To confirm what we have advanc'd in relation to the profit which may be made by this husbandry, see what comes to me from a worthy person whom we shall have occasion to mention, with great respect, in the next chapter, when we speak of quicksets.

The considerable improvement which may be made in common fields, as well as inclosed grounds, he demonstrates by a little spot of meadow, of about a rod and half; part of which being planted about 50 years since with willows (in a clump not exceeding four pole in length, on one side about 12) several of them at the first and second lopping, being left with a strait top, run up like elms, to 30 or 40 foot in height; which some years since yielded boards of 14 or 15 inches broad as good for flooring, and other purposes within doors, as deals, last as long, work finer, white and beautiful: 'tis indeed a good while since they were planted, but it seems the crop answer'd this patience, when he cut up as many of them (the year 1700) as were well worth 10l. And since that another tree, for which a joyner offer'd him as much for those were left, which was more by half than the whole ground it self was worth; so as having made 20l. of the spot, he still possesses it without much damage to the grass. The method of planting was first by making holes with an iron crow, and widening them with a stake of wood, fit to receive a lusty plant, and sometimes boaring the ground with an auger; but neither of these succeeding, (by reason the earth could not be ramm'd so close to the sides and bottom of the sets, as was requisite to keep them steady, and seclude the air, which would corrupt and kill the roots) he caus'd holes, or little pits of a foot square and depth to be dug, and then making a hole with the crow in the bottom of the pits, to receive the set, and breaking the turf which came out of it, ramm'd it in with the mould close to the sets (as they would do to fix a gate-post) with great care not to gall the bark of it. He had divers times before this miscarry'd, when he us'd formerly to set them in plain ground, without breaking the surface, and laying it close to the sets; and therefore, if the soil be moist, he digs a trench by the side of the row, and applies the mould which comes out of it about the sets; so that the edge of the bank raised by it, may be somewhat higher than the earth next the set, for the better descent of the rain, and advantage of watering the sets in dry weather; preventing likewise their rooting in the bank, which they would do if the ground next the plant or set were made high, and sloped; and being left unfenc'd, cattel would tread down the bank, and lay the roots bare: The ground should therefore not be raised above 2 or 3 inches towards the body of the set. Now if the ground be dry, and want moisture, he chuses to bank them round, (as I have described it in my Pomona, cap. VII.) the fosses environing the mound and hillock, being reserves for the rain, cools and refreshes the sets.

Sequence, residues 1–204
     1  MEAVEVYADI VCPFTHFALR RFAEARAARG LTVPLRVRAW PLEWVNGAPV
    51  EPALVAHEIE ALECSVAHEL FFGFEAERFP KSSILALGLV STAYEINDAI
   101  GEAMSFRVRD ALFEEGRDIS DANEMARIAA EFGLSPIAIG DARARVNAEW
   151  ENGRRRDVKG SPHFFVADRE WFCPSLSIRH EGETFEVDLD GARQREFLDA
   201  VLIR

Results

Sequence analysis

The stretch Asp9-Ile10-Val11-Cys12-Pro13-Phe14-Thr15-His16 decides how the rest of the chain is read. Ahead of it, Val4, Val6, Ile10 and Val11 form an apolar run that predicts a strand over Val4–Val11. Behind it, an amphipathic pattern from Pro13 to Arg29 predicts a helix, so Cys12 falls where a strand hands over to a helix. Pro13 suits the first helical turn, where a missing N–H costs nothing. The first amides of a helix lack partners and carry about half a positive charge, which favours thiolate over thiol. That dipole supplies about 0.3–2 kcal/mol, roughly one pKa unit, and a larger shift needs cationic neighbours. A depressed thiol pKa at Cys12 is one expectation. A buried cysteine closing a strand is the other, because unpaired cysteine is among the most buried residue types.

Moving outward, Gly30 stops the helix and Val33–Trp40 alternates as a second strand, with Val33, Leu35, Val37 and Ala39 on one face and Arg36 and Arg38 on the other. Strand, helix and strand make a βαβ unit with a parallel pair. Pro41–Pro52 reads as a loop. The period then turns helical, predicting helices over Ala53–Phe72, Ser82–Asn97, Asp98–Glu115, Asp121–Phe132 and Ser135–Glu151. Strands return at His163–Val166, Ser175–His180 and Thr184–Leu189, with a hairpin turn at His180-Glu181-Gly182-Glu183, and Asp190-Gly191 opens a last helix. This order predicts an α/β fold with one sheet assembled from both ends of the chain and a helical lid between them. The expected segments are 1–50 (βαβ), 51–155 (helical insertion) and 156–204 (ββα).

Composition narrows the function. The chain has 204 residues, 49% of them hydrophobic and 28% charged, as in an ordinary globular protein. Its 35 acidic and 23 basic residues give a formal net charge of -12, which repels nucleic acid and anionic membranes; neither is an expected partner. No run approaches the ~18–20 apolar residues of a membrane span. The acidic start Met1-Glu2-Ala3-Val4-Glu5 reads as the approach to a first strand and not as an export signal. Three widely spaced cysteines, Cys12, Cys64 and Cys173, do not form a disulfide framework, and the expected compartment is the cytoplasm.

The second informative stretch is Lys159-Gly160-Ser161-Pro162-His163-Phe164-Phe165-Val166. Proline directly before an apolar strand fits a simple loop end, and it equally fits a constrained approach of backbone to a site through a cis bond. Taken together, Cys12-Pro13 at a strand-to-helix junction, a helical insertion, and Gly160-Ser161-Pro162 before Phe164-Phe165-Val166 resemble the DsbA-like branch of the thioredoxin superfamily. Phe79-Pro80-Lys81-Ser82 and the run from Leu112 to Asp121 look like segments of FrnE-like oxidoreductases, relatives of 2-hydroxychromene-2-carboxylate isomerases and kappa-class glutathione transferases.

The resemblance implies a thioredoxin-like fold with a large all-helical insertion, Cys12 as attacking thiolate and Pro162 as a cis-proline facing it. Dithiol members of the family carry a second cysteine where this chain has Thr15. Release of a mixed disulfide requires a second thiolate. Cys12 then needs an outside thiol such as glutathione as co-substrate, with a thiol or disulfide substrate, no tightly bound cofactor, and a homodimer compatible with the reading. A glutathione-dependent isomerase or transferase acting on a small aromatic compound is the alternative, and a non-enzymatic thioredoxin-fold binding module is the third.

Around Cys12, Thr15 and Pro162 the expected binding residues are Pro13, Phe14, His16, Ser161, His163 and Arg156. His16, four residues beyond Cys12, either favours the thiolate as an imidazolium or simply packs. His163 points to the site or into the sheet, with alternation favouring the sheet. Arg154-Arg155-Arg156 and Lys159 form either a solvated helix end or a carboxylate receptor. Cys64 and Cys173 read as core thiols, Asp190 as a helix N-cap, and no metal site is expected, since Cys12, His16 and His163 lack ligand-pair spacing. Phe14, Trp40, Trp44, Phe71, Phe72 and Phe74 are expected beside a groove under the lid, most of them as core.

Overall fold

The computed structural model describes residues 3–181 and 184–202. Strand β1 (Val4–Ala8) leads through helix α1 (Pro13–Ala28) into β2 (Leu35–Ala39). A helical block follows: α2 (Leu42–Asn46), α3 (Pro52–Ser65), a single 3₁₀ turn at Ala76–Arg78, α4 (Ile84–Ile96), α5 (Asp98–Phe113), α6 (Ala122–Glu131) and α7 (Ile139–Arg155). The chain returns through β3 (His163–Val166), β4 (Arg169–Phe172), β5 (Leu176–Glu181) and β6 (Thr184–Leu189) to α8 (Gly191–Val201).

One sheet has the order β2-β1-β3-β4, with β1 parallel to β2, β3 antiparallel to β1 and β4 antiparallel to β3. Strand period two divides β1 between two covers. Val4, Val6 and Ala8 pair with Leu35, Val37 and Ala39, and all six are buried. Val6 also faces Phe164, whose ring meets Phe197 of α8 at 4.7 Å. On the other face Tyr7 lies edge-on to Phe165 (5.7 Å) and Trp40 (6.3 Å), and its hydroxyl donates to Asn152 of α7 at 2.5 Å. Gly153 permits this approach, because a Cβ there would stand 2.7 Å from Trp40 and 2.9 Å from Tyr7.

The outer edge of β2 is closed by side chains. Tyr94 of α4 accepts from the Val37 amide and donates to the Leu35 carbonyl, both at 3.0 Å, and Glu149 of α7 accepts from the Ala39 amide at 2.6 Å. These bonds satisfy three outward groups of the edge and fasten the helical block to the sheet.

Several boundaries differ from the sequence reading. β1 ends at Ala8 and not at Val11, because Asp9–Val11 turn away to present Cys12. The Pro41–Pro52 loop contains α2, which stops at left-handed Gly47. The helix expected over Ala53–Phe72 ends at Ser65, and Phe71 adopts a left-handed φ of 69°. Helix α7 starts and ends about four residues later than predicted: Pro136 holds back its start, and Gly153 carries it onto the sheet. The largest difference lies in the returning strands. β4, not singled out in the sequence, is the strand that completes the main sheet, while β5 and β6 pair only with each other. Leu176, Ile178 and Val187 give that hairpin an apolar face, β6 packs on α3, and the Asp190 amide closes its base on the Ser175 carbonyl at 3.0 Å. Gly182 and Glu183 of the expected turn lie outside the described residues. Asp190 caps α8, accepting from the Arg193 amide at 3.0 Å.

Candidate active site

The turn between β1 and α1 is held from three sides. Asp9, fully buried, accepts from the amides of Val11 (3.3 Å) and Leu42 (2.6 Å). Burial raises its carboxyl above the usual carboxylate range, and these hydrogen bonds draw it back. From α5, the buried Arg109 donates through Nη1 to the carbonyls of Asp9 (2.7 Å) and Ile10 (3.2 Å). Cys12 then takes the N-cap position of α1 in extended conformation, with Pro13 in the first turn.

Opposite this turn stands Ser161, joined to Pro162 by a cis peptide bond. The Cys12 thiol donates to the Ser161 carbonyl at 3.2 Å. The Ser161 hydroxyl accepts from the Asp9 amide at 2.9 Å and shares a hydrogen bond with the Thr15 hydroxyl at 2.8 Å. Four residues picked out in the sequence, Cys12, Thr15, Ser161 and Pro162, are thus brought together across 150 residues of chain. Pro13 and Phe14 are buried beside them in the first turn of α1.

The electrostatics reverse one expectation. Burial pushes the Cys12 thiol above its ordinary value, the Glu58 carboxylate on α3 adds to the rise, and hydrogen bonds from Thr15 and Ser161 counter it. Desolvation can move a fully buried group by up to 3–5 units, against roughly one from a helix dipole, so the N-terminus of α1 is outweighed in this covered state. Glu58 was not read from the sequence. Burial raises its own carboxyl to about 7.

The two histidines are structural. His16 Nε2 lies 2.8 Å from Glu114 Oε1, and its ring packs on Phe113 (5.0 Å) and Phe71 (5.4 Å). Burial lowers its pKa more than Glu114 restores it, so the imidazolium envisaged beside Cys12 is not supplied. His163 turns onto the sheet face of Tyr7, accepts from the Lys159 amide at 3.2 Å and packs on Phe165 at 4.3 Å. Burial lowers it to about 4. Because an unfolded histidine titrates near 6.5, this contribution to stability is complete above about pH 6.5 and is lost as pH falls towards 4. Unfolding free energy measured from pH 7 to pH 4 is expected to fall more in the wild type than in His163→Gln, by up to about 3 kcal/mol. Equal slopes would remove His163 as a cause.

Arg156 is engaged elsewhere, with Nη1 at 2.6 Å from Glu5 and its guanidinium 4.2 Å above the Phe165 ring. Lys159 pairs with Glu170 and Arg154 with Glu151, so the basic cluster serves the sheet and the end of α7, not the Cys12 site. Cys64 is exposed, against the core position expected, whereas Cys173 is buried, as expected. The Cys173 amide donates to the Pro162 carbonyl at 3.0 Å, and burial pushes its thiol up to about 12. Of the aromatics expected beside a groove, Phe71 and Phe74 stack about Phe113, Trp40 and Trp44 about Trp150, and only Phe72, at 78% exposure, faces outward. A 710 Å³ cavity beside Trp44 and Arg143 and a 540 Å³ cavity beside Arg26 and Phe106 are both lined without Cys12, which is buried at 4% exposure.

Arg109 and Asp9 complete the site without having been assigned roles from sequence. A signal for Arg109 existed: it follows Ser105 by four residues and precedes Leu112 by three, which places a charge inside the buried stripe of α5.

He farther instances, that willows of about 20 years growth, have been worth 30s. and another sold for 3l. which was well worth 5l. and affirms, that the willows planted in beds, between double ditches, in boggy ground, may be fit to be cut every five years, and pay as well as the best meadow-pasture, which is of extraordinary improvement.

27. There is a sort of willow of a slender and long leaf, resembling the smaller ozier; but rising to a tree as big as the sallow, full of knots, and of a very brittle spray, only here rehears'd to acknowledge the variety.